Umar Farouk Abdulmutallab, the Nigerian man accused of trying blow up Northwest Flight 253 to Detroit, is in many ways the very model of a modern terrorist.
Like many al-Qaeda members, he was raised in privileged circumstances and received a solid "modern'' education. No surprise there: As the forensic psychiatrist Marc Sageman found in his study of 172 al-Qaeda biographies, terrorists tend to come from stable, comfortable families. In a study of records on 404 members of violent Muslim groups around the world, Diego Gambetta and Steffen Hertog found nearly half had been to some sort of post-secondary educational institution (and since there were more than 100 militants on whom they couldn't get data, it's likely some in that group also went to college, making the percentage of educated terrorists even higher).
The anthropologist and media scholar Tom de Zengotita has offered a good explanation for the comfortable roots of most militants, I think. As he says, it's only in the global middle class that people feel entitled to make "lifestyle choices" from a menu that includes, among other things, religious fanaticism. Devout poor people don't grow up expecting to choose their faith; they just live it.
Secondly, like many other terrorists, too, Abdulmutallab apparently went through a period of loneliness and isolation, which, according to news reports so far, seems to have led him, via the Internet, to an al-Qaeda cell. That accords with Sageman's "bunch of guys" theory of recruitment: The militants he studied, he said in 2003, "felt isolated, lonely, and emotionally alienated." Friendships based on religion would assuage that feeling--and cut the "bunch of guys" off from other kinds of people.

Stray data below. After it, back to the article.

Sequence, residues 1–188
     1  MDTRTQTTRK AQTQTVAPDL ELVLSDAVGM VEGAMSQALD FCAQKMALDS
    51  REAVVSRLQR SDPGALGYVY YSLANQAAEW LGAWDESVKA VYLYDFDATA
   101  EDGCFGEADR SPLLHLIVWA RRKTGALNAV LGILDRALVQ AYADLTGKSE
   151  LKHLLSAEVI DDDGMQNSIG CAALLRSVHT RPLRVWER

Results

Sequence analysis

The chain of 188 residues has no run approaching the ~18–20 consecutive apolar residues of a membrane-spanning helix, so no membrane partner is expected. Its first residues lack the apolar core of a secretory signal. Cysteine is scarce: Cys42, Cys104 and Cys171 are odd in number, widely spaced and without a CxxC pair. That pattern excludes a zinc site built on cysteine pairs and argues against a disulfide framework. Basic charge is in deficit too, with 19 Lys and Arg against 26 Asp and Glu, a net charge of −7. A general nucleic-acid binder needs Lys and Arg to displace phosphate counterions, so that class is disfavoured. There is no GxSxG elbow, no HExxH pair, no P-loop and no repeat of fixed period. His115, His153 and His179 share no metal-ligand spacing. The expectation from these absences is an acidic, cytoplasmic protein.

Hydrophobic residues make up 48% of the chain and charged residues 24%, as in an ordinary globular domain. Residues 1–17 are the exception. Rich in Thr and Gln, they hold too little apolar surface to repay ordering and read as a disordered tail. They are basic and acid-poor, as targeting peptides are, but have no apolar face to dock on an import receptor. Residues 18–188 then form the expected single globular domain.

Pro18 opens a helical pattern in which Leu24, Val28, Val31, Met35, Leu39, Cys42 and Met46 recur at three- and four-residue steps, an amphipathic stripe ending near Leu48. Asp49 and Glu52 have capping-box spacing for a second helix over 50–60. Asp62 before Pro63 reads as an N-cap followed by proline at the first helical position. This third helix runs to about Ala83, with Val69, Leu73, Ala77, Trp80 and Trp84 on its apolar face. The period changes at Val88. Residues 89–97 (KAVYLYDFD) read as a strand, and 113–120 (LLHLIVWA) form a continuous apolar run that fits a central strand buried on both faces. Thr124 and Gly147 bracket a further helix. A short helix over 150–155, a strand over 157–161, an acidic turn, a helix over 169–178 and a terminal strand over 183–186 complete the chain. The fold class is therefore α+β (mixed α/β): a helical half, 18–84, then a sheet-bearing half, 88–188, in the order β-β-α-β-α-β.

Third, there is Abdulmutallab's field of study at University College, London: Mechanical engineering. Engineers are over-represented among Islamic terrorists--of the 17 9/11 hijackers with post-secondary diplomas, for instance, nearly half were engineers. In their study, Gambetta and Hertog found that 44 percent of Islamic militants with advanced degrees were engineers.
Gambetta, a sociologist, and Hertog, a political scientist, don't believe this is an accident. They have found a similar pattern in non-Islamic right-wing groups, they say. "A lot of piecemeal evidence,'' they wrote last summer, "suggests that characteristics such as greater intolerance of ambiguity, a belief that society can be made to work like clockwork, and dislike of democratic politics which involves compromise, are more common among engineers."